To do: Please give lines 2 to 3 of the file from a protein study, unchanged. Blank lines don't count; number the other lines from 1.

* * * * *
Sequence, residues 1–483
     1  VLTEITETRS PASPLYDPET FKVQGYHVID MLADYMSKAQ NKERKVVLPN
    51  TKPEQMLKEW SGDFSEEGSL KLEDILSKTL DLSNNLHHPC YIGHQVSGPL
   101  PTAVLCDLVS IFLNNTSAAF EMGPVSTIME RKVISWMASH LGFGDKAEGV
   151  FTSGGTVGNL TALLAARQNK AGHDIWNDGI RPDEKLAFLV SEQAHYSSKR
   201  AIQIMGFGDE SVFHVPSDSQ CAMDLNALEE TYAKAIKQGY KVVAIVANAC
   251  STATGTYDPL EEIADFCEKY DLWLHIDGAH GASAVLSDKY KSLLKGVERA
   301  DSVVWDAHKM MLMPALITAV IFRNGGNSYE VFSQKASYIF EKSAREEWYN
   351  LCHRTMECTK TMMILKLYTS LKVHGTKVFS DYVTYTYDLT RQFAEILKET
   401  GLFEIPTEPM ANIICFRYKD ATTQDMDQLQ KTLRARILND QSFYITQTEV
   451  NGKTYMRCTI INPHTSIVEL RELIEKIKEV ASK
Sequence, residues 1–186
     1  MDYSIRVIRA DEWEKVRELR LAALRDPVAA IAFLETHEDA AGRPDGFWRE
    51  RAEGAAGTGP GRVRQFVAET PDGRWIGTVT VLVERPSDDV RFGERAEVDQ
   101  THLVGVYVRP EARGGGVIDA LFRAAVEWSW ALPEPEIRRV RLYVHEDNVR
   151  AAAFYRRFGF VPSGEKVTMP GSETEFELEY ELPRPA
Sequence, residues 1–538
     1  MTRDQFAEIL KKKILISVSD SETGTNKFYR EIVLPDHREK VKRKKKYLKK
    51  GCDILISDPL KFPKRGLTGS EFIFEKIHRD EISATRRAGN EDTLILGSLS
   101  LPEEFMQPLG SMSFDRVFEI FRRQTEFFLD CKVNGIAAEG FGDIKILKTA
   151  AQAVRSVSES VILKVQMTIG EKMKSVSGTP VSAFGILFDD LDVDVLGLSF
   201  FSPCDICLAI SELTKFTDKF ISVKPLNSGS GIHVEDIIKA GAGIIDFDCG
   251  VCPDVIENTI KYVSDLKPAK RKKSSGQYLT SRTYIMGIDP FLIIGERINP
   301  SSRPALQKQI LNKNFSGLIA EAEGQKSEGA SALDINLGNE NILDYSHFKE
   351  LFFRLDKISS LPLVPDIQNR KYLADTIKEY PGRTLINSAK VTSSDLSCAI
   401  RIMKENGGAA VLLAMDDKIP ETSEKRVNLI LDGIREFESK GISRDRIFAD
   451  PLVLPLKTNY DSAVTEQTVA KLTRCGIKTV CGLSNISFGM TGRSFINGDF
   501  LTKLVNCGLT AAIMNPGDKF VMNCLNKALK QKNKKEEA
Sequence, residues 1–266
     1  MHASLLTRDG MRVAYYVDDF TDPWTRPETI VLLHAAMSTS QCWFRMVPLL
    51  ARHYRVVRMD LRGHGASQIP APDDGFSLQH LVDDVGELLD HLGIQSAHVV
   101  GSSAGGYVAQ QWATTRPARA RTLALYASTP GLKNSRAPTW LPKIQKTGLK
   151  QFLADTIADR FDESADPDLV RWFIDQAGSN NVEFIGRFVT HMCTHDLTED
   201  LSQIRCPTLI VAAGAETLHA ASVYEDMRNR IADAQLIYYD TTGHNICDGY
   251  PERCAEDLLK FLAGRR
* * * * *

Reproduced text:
     1  VLTEITETRS PASPLYDPET FKVQGYHVID MLADYMSKAQ NKERKVVLPN
    51  TKPEQMLKEW SGDFSEEGSL KLEDILSKTL DLSNNLHHPC YIGHQVSGPL